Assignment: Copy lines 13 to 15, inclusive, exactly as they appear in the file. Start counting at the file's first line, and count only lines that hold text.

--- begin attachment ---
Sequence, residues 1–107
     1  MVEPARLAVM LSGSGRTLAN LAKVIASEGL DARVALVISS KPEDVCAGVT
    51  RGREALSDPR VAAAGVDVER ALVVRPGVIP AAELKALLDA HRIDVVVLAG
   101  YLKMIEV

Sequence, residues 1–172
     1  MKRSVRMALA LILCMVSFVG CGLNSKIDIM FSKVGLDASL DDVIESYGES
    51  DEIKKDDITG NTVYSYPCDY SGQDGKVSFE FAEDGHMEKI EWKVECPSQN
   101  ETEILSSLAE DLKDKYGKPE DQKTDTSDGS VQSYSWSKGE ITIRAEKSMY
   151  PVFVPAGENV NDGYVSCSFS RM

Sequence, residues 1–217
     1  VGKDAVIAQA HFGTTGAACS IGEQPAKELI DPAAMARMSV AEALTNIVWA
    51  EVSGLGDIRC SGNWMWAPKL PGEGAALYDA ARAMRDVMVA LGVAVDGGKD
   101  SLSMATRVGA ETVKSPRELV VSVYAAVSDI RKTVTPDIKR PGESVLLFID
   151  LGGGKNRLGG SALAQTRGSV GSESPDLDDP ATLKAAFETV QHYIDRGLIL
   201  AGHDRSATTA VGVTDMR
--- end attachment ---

   101  SLSMATRVGA ETVKSPRELV VSVYAAVSDI RKTVTPDIKR PGESVLLFID
   151  LGGGKNRLGG SALAQTRGSV GSESPDLDDP ATLKAAFETV QHYIDRGLIL
   201  AGHDRSATTA VGVTDMR